political murder. Slovakia's new Interior Minister Gustav Krajci said on
4 September that he will not devote himself to the Kovac Jr. case,
noting that he currently has "other, more important tasks." The
investigation was adjourned for a second time on 30 August. -- Sharon
Fisher

ANOTHER BOMB IN BRATISLAVA. A bomb destroyed a car in Bratislava's
Ruzinov district on 3 September, CTK reported the following day. It was
the third explosion in the city in less than two weeks. No one was
injured, but the explosion damaged several cars and shattered the
windows of an apartment building. The motives remain unknown. Krajci and
Police President Jozef Holdos on 4 September announced the preparation
of measures to prevent the growing wave of bomb attacks. They said the
effects should be felt within a few months but refused to give details.
Krajci also warned about a drop in police discipline--a policeman is
suspected of involvement in the 26 August explosion. So far this year,
15 explosions have taken place in Slovakia, causing damage of almost 3.5
million Slovak crowns ($114,000), while 34 explosions were reported last
year. -- Sharon Fisher

DATE SET FOR SIGNING ROMANIAN-HUNGARIAN TREATY. A spokesman for the
Romanian Foreign Affairs Ministry announced on 4 September that the
basic treaty between the two countries will be signed on 16 September in
the western Romanian city of Timisoara, Romanian and Hungarian media
report. The news was confirmed by the office of Hungarian Premier Gyula
Horn in Budapest. Horn and Prime Minister Nicoale Vacaroiu will sign the
document in the presence of Romanian President Ion Iliescu. Reuters
reported that the choice of Timisoara was a compromise, since neither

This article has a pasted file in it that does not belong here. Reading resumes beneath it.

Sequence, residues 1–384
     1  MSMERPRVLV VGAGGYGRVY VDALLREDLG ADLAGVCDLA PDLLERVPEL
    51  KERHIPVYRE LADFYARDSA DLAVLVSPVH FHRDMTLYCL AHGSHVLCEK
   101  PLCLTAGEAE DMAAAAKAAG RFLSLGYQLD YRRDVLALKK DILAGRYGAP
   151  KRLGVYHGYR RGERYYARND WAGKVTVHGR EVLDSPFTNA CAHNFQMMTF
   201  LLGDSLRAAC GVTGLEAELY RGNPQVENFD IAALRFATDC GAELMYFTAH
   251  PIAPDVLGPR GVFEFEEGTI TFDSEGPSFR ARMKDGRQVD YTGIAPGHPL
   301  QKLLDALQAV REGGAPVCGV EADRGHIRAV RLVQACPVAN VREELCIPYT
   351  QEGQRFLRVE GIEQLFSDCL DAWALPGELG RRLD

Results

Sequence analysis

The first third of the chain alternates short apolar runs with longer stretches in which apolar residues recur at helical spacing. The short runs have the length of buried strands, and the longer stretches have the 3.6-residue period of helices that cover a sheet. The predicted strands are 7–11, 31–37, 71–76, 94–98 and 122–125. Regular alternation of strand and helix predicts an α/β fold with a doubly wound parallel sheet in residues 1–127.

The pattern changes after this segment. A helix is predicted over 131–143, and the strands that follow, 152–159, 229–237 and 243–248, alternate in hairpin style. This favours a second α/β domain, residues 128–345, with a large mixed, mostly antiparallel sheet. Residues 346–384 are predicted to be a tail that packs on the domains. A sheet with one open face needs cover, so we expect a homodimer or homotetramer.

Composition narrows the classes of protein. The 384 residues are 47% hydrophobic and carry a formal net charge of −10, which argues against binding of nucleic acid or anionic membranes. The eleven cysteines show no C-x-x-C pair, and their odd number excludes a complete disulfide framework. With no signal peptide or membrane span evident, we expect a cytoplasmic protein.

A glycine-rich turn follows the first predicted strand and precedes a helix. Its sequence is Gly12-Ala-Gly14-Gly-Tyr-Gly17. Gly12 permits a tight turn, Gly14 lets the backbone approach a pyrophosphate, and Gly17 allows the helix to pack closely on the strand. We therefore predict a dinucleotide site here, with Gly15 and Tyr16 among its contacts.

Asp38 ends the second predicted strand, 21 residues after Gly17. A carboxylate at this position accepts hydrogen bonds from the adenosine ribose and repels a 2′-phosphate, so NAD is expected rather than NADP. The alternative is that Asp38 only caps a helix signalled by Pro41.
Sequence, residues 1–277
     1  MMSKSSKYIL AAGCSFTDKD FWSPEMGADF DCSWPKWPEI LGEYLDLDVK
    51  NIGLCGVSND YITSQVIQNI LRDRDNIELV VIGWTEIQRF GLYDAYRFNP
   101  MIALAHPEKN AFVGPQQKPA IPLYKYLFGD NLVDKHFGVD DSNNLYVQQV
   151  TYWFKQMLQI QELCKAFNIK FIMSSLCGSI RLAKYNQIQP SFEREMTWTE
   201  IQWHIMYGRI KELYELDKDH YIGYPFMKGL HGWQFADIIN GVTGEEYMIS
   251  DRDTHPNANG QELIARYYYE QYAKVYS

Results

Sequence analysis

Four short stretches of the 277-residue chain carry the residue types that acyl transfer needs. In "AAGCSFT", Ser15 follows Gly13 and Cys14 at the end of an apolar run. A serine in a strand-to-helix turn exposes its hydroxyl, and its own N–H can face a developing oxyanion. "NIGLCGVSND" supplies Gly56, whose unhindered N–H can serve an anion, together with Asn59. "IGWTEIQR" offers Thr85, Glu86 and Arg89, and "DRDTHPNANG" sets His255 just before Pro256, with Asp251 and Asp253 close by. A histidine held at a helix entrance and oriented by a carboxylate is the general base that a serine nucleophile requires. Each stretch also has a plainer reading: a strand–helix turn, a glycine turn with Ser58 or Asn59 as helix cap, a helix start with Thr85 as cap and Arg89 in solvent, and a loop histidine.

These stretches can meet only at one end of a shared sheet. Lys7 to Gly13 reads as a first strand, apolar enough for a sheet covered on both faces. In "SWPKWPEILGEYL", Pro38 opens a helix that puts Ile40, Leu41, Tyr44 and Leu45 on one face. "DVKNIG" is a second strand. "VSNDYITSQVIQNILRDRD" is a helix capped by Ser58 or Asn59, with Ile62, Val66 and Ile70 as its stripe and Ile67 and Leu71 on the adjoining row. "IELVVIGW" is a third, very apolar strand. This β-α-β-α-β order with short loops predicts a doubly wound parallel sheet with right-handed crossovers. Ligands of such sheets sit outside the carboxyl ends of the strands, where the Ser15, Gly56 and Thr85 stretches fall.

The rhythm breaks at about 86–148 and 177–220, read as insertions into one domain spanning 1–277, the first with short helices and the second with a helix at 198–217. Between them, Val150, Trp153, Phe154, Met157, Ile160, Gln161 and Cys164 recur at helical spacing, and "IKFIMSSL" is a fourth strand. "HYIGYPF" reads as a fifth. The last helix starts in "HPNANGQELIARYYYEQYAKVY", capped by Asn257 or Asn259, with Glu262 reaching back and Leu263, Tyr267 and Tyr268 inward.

side agreed to have the document signed in the other's capital. It was
also announced that two additional documents stemming from President Ion
Iliescu's August 1995 initiative for a "historic reconciliation" between
the two countries are to be signed later. -- Michael Shafir and Zsofia
Szilagyi.

SECOND HUNGARIAN MINORITY SUMMIT CONVENES IN WESTERN HUNGARY. A second
round of the ethnic Hungarian minority summit was held in the western
Hungarian city of Papa on 4 September, Hungarian media reported.
Discussion focused on the Hungarian-Romanian basic treaty, and its
impact on Romania's 1.6 million ethnic Hungarians. Participants strongly
objected to the choice of Timisoara as the venue for the signing of the
treaty. Bela Marko, president of the Hungarian Democratic Federation of
Romania called the two governments' choice of venue a "mockery of the
revolutionary traditions of Timisoara." -- Zsofia Szilagyi

SOUTHEASTERN EUROPE

IZETBEGOVIC: SDA WILL BOYCOTT VOTE IF HERCEG-BOSNA REMAINS. Alija
Izetbegovic, the Bosnian president and leader of the ruling Muslim Party
of Democratic Action (SDA), on 4 September said his party will boycott
the forthcoming Bosnian ballot if the Bosnian Croat para-state of
Herceg-Bosna is not dissolved, AFP reported the next day. Izetbegovic
also said he would not recognize the Serbian entity in Bosnia unless
600,000 non-Serbs expelled during the war return there. Speaking to a
meeting of 20,000 SDA supporters in the southern town of Jablanica,
Izetbegovic threatened for the second time this week that the largest
Muslim party might boycott the 14 September poll. According to a U.S.-
brokered agreement, Herceg-Bosna should have been dismantled on 31
August (see OMRI Daily Digest, 3 August 1996). But as of 4 September its
government was still working, AFP reported. -- Daria Sito Sucic

PLAVSIC WARNS FEDERATION DELEGATION NOT TO VISIT BRCKO. Acting Bosnian
Serb President Biljana Plavsic on 4 September informed Roberts Owen, the
Brcko arbitration group chairman, that the Republika Srpska has not
approved an announced visit by a federal delegation to this northern